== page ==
Emily, who has been working on the catalog “off and on” for some 2 ½ years, says she has about 20 percent of it done, though the work can sometimes be a very long-term job.
“Some people spend an entire career on a catalog résumé,” she says.
Emily says she is fortunate in having computerized digitalization of works of art to aid her in examining Gérôme’s work distributed throughout in Europe and the United States.
The Middle East, beyond the art world, is very much a part of Emily’s world. Her father Kent R. Weeks is a noted Egyptologist whose archaeological work includes the discovery of KV-5, the tomb of the sons of Ramses II in the Valley of the Kings. In addition, Weeks began the Theban Mapping project designed to map all the tombs in the Valley of Kings. The researchers used hot air balloons as part of their locating work, leading not only to archaeological advances but a whole new aspect of the Egyptian tourist economy, hot air balloon rides over key Egyptian historical sites.
Emily says her father got the idea for using the balloons when the family spent several years in Southern California and he became fascinated by ballooning.
Weeks lives in Old Saybrook and continues to lecture and write extensively—“The most active 80-year-old I know,” says Emily.
Emily spent large parts of her youth in Egypt, in both Luxor and Cairo. She is a graduate University of Washington, where her father and her late mother had studied.
After earning her doctorate, Emily worked as a curator at the Florence Griswold Museum in Old Lyme, and actually sees analogies between the artists of the old Lyme colony and the 19th-century Orientalist painters she studies.
“They were artist’s colonies, where they looked at the world and painted the world around them,” she says.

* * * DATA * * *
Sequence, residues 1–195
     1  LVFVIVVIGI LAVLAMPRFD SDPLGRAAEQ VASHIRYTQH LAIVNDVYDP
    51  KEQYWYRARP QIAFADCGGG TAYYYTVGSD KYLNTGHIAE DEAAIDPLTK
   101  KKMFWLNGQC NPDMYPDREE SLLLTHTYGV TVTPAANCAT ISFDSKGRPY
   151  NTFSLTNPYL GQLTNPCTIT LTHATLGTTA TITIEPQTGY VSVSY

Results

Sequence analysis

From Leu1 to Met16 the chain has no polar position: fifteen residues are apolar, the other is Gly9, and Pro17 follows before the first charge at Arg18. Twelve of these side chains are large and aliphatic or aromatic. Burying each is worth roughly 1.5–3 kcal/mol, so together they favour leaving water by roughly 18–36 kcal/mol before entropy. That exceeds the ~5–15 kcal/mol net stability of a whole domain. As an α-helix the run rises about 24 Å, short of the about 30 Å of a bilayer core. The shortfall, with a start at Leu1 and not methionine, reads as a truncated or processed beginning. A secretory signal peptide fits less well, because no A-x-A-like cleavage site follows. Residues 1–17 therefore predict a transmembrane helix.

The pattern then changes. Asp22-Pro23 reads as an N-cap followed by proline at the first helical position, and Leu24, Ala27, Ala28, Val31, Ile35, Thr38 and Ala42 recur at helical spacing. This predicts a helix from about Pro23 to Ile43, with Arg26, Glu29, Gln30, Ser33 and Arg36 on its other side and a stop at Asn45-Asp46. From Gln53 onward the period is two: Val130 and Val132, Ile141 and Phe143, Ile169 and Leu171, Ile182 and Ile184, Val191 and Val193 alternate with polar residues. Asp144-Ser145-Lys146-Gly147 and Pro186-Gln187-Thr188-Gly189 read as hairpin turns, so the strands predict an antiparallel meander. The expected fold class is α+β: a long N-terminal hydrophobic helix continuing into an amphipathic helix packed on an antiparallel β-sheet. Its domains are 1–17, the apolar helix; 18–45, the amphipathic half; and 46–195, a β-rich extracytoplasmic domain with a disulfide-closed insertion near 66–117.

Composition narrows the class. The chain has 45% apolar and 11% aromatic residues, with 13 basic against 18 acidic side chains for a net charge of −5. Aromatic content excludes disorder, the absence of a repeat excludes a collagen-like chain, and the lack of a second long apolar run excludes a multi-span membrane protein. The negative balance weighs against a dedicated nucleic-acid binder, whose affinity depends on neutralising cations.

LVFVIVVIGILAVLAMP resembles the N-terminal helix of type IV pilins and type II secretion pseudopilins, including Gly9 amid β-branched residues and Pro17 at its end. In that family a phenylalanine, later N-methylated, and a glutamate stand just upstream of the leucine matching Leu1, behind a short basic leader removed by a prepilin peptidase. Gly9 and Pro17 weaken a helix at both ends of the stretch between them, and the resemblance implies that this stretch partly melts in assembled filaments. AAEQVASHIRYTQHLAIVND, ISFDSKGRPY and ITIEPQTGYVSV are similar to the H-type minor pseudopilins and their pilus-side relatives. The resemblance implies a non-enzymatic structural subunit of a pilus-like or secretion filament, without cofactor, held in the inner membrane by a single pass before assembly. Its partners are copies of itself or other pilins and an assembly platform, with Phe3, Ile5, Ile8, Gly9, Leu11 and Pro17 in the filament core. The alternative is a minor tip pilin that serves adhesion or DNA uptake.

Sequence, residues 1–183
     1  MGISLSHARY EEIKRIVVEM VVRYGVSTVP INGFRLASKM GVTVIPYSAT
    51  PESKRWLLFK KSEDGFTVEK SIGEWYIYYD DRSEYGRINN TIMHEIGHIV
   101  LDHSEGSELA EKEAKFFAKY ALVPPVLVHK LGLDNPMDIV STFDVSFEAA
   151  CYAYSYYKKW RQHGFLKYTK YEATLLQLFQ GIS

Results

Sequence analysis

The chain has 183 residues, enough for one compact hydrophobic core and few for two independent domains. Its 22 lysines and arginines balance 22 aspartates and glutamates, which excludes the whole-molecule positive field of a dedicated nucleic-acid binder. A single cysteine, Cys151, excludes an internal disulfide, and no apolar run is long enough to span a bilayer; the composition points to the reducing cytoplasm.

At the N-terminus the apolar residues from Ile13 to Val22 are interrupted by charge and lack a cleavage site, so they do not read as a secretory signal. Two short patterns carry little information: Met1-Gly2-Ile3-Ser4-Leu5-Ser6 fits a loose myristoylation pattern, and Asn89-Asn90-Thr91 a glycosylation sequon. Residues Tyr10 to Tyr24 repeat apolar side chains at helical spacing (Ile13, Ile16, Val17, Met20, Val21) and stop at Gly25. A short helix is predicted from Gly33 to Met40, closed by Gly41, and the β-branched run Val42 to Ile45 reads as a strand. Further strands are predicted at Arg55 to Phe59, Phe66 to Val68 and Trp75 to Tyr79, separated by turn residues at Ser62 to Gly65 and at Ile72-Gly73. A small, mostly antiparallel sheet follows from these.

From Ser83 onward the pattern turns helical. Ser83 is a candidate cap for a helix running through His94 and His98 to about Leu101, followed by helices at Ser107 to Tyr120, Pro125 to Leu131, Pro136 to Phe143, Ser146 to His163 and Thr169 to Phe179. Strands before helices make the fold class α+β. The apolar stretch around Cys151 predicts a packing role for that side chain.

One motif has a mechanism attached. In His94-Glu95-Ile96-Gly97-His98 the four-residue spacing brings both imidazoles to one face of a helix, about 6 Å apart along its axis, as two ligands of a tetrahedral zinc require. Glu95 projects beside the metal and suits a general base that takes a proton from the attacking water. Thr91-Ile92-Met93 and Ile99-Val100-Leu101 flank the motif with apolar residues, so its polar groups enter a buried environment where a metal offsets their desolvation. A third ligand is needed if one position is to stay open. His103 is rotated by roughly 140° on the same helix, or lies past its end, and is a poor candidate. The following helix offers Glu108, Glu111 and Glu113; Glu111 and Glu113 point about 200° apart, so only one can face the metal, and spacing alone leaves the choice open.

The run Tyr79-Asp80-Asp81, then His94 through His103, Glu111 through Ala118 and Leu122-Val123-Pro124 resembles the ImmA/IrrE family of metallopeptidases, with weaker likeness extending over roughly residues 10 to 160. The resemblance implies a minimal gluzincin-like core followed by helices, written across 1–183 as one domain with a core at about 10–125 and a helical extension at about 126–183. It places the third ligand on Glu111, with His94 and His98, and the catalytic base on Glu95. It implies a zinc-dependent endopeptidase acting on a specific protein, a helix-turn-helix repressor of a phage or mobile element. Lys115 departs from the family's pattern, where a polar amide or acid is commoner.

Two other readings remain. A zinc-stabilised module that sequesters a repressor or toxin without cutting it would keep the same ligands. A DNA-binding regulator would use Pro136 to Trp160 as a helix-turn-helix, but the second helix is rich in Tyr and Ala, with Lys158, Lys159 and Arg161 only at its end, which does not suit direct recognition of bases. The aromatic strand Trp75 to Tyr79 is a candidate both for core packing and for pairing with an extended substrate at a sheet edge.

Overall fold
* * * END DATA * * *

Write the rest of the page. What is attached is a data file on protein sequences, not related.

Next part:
Emily met her husband Joe Florentino, a computer expert who is now the assistant director for technical questions at the Poorvu Center for Teaching and Learning at Yale, when she was a doctoral student. He saw her walking by his office every day and wanted to meet her, so offered some computer help. She told him she didn’t want to accept assistance free so she would take him to coffee. The couple has one daughter, Bella, a 6th grader at Essex Elementary.
In order to share her enthusiasm for cooking with Bella, Emily started cooking classes for youngsters at an organic farm in East Lyme where she shopped. Her classes included vegetarian, farm-to-table versions of classics like pizza with fresh picked vegetables. She has also done adult vegetarian cooking classes at The Weekend Kitchen in Essex. One of her adult meals featured a vegetarian Thanksgiving—no turkey but “lots more side dishes.”
Dinner for her family of three involves making three different meals. Emily is strictly a vegan; Bella, she says, is largely vegetarian; and her husband has his own menu.
“Joe is strictly meat and potatoes,” Emily says.
Lennart Anderson: A Retrospective
Lyme Academy of Fine Arts hosts Lennart Anderson: A Retrospective through Friday, March 18, at 84 Lyme Street, Old Lyme. Hours are from 10 a.m. to 4 p.m. daily. Admission is free; onsite parking is available. For more information, call 860-434-5232.